A mom teaches a daughter many things, for instance: talking, walking, eating, singing, dancing, reading, writing (using correct grammar and spelling, of course!), drawing, coloring, riding a bike, brushing teeth (and flossing!), cutting fingernails, cooking, sewing, gardening, playing musical instruments, worshipping God, proper pet care, driving a car, doing the right thing always, being honest and loyal and true, loving unconditionally, writing checks, balancing a budget, saving money, prioritizing, forging an identity, reaching for dreams and figuring out a way to get there… All these things, and much more, this mother taught her daughter.


If the daughter is really lucky, she’ll have a dad like our daughter had, who reinforced all these lessons and added some extra things like making waffles, fishing, building a fire, tying knots, first aid (because this mom is not very good at that), flying a kite, standing up for herself when she needs to, self respect, grilling a good steak and many more skills that this mom may not have had or thought of. This is the beauty of having both a mom and a dad who love a daughter very much.

But my main point today is about the moment this relationship shifts from the mom teacher- daughter learner to the daughter teacher- mom learner. It comes about gradually, usually post college, and it’s now happening in our relationship.

So I’m enjoying learning some new tricks. You see, I tend to do the same things in the same old way, even though I know there are a lot of new things under the sun out there of which I am usually unaware. That’s where my daughter as teacher has stepped up.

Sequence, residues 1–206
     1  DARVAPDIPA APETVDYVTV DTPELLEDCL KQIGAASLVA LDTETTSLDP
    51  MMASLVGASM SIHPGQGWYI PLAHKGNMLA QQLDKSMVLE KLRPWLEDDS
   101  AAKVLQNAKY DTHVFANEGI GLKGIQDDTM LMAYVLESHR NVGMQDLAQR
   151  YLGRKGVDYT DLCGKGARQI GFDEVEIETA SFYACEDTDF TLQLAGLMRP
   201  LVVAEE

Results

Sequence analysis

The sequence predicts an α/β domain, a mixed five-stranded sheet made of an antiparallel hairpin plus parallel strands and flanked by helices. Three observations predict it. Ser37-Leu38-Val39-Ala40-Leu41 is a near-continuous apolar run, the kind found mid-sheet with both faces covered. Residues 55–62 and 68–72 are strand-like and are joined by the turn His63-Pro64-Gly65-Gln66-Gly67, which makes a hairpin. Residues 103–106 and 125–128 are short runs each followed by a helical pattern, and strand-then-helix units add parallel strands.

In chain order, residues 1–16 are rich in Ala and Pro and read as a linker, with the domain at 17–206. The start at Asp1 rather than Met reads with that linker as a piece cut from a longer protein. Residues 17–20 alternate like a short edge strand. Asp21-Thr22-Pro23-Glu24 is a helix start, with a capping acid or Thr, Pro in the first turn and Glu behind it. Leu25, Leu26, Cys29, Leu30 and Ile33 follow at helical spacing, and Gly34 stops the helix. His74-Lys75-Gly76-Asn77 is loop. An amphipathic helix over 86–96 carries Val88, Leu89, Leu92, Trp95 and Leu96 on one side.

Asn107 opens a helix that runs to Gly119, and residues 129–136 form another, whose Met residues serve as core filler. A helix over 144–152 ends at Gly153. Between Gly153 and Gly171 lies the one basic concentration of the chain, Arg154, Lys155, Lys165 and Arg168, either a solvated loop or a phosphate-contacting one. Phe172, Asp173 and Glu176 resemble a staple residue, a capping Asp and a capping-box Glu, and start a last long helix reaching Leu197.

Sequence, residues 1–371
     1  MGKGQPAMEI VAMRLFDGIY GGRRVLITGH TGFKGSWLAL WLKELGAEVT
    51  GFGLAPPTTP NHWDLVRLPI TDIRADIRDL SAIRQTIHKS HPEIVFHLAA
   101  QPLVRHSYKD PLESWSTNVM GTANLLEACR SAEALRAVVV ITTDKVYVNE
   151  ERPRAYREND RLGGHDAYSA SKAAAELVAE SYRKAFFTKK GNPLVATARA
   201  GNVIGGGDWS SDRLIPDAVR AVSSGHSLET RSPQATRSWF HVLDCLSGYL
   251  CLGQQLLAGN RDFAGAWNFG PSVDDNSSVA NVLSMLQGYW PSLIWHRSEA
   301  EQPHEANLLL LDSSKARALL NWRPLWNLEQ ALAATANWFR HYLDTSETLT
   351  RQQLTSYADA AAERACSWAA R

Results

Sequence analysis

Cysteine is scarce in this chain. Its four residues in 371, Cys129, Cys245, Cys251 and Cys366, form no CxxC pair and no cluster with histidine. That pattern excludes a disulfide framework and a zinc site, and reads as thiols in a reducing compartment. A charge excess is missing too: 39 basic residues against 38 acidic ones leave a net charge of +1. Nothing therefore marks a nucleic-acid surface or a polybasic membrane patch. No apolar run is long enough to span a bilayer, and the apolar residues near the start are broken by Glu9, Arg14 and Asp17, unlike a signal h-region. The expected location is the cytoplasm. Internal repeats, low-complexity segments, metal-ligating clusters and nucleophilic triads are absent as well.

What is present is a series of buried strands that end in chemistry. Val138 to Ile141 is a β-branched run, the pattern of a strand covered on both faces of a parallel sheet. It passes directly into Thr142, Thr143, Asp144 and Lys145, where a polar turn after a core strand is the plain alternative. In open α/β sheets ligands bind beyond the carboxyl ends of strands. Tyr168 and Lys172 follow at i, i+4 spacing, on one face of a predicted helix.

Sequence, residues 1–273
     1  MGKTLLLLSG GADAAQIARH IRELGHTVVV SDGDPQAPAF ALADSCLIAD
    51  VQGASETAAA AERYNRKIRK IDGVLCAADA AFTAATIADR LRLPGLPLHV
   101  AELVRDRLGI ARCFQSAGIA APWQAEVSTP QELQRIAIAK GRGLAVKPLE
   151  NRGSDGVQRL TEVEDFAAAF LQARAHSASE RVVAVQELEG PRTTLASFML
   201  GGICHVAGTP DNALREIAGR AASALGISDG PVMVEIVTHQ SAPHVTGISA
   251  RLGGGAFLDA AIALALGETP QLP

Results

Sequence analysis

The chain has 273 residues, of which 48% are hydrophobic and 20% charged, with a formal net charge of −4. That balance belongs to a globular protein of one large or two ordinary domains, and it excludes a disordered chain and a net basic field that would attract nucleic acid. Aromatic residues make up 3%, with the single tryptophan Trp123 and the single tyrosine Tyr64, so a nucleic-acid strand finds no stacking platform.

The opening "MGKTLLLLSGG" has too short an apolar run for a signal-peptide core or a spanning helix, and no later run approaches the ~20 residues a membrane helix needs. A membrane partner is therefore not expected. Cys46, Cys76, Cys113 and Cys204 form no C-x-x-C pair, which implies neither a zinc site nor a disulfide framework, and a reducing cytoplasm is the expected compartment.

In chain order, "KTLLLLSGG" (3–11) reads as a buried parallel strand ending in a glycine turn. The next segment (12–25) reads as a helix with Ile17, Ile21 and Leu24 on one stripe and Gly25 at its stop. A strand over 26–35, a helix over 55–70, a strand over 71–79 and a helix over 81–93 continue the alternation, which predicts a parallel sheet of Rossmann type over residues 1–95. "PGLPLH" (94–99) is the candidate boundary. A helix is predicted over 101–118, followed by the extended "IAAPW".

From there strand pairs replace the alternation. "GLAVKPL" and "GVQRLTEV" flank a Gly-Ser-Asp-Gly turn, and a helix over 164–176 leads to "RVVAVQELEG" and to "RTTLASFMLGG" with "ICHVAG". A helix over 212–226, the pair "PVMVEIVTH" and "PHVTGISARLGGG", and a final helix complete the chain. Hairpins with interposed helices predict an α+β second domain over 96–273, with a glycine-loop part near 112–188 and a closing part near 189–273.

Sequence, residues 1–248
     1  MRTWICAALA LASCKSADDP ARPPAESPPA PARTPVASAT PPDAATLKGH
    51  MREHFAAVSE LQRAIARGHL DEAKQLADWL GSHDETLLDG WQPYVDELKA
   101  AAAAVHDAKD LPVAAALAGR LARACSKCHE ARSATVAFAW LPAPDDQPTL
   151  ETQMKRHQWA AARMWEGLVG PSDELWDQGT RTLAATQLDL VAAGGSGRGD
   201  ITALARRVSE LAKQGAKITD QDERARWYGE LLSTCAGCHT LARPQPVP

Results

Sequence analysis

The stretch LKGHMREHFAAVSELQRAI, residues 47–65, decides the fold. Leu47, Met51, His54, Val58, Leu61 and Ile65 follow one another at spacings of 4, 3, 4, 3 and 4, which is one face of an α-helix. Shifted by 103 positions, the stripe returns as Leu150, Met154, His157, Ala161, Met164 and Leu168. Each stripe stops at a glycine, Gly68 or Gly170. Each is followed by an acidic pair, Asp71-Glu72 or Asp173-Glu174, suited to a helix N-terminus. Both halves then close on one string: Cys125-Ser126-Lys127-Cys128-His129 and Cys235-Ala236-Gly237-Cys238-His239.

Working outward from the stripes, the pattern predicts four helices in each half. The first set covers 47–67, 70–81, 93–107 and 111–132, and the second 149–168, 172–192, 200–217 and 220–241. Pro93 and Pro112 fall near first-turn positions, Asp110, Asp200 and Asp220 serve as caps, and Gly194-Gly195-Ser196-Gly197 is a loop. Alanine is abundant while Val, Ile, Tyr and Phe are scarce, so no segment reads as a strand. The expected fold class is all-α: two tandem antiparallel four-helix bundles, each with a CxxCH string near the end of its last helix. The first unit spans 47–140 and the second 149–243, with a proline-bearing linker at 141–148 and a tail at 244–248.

(I realized that she had become a real adult when she recently admitted that she was now happy when the lifeguards announce the adult lap swim time at the pool, rather than being bummed about it like she was when she was a child!)

What have I learned from her? How about new knife skills and new cooking techniques, complete with new equipment and utensils? Here I had been recently dissatisfied with certain dishes didn’t come out as well as I had expected. Turns out that I only needed new baking pans and skillets, among other things. I’m afraid I’m my mother’s child who never throws anything out until it’s beyond redemption. Now that my daughter has opened my eyes in this regard, I will not hang onto useless items. For instance, out went the old sticky waffle iron that was just taking up room. And it wasn’t even broken!